A project plan is simply an estimate of the effort required to meet the project objectives, layered over a best guess timescale. For complex projects, work breakdown structures can be used to create smaller work packages that will simplify the estimating process. However, progress is unlikely to go according to plan for all but the simplest projects.
The prudent project manager will want to measure progress early on in the project’s life. Are we where we should be after the first month? (schedule variance) and by how much might we have overspent? (cost variance). Early warning of poor project performance gives time for corrective action to be taken.
But how best to measure the project’s progress? Too often a simple comparison of hours spent to date with those planned is used. Yet without an objective measure of what’s actually been achieved, assessment of the cost and schedule performance is likely to be deeply flawed. If there is little confidence in the measure of progress to date, there will be even less when revising estimates for the remaining work.
What’s missing is an objective measure of what’s been achieved for the effort expended, which may be very different from what’s planned:
Earned value measurement
This chart shows the essential ingredients for measuring progress:
- The agreed project plan. This is often referred to as the project baseline, because it provides the yardstick for measuring progress. It, too, must be updated as changes in project scope are agreed, or realization dawns that the original estimate was too optimistic.
- The amount of effort expended, which is usually collected through timesheets
- The valued of the work done, or the Earned Value. This needs to be objectively and consistently measured.
It is relatively easy to calculate and agree on the project baseline values (from the signed off project plan), and the actual effort to date (from timesheet bookings). Estimating the value of what’s been achieved can be much more contentious. Each task will have a work value from when the estimate was agreed. The risk is that the project manager will over state what’s been achieved – ‘we’ve started the task and were now 90% complete’ is not uncommon, but a number of best practice guidelines are here to help.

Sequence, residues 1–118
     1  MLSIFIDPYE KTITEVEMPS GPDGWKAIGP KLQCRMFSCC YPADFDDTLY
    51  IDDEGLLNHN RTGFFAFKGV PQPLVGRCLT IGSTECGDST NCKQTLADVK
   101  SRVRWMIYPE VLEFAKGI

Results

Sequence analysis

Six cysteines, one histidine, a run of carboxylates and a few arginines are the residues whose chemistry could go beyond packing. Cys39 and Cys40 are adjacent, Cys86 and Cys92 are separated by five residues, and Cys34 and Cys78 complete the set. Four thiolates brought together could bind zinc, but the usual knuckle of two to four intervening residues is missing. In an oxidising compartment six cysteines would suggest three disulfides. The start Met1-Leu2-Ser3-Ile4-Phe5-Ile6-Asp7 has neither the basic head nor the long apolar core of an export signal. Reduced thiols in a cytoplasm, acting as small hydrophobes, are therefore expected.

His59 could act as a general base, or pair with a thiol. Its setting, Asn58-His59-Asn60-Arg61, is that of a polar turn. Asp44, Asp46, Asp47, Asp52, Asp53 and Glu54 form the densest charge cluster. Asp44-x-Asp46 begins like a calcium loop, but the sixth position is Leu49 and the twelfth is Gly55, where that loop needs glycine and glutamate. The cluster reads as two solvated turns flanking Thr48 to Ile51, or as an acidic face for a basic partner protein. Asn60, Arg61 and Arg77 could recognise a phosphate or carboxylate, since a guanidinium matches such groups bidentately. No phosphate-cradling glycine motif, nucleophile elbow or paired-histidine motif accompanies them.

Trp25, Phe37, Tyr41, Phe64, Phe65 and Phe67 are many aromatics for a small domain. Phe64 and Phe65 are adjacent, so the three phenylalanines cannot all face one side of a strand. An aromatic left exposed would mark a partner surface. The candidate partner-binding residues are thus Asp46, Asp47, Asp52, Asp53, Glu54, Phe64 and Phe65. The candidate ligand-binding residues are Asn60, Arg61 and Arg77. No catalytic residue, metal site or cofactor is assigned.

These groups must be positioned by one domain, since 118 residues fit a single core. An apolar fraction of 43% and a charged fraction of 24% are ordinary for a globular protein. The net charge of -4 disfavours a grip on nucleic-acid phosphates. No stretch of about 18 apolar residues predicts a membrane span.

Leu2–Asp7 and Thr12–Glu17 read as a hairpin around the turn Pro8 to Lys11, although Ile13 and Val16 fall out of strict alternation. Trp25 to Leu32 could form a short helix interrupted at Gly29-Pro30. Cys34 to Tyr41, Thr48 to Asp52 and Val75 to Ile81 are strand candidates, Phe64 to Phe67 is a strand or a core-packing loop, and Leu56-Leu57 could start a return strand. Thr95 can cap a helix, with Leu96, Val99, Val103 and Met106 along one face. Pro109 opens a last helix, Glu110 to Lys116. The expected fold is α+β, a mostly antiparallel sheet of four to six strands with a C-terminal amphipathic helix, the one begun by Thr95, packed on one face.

- Keep each task duration as short as possible. If you have a 2 year project with many tasks, each of which is no more than 2 months long, then only permit the task value to be claimed when it is physically completed. This avoids the need for any subjective percent complete assessment at the reporting date.
- For longer tasks, insert a number of value milestones that can only be claimed with they have been achieved. E.g. a system implementation task may consist of acceptance testing followed by roll out training over a period of months. You can make successful acceptance testing an interim milestone valued at, say, 25% of the task value, which can be claimed part way through the task.
- Where a task consists of a number of repetitive sequences, e.g. producing 15 widgets, then the number of widgets produced by the reporting date can be used to calculate the task’s earned value.
For the project to be on track, each curve should follow the baseline. Schedule concerns will arise when the earned value line is lower than the baseline, and cost concerns when the amount of effort expended is higher than the earned value. These are what the second chart shows, so this project looks to be in serious trouble – but by how much?
Quantifying the project performance to date
With earned value measurement added, project progress can be quantified by calculating Schedule and Cost variances.
- Cost variance = Earned value – Actual work to date
- Schedule variance = Earned value – Baseline value to date
In both cases, negative values should cause concern. Whilst these will help to answer the question of how well is the project doing to date, it is useful to convert these to performance indices, when re-estimating the remaining work.
Estimating to completion
The variances can easily be changed into performance indices.
- Schedule performance index (SPI) = Earned value / Project baseline
- Cost performance index (CPI) = Earned value / Actual effort
Looking at the second chart example again, the results are:
- SPI = 22/34.5 = 64%
- CPI = 22/30 = 73%
The target is 100%, so both are way below where they should be. Unless the project manager can convince his bosses that the project is over the worst, there is a high probability that the eventual cost will be at least 25% over budget, with a delay of 30-40% to the completion date highly likely.
Transform your project progress reviews
This example shows why early warning of poor project performance is so important. Only if detected in the early stages will there be time for corrective action to pull the project back on track. Earned value makes project performance measurement much more objective and gives project sponsors the ammunition to challenge over optimistic forecasts to completion. It is easy to adopt and should be used much more widely than it is.
In order to understand how the benefits of introducing earned value are multiplied in a multi-project environment you can visit this article here.